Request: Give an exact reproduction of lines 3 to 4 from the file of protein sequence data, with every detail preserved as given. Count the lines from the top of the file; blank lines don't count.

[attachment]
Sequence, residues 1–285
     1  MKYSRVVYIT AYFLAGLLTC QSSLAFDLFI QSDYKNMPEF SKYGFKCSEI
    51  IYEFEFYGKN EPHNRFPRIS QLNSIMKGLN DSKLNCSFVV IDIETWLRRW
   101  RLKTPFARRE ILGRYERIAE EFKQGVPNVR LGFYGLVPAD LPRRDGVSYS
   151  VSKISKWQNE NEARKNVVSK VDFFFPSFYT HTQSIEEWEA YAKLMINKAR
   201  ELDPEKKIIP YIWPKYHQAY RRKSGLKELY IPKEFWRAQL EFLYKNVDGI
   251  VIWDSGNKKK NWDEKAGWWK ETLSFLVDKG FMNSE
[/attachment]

    51  IYEFEFYGKN EPHNRFPRIS QLNSIMKGLN DSKLNCSFVV IDIETWLRRW
   101  RLKTPFARRE ILGRYERIAE EFKQGVPNVR LGFYGLVPAD LPRRDGVSYS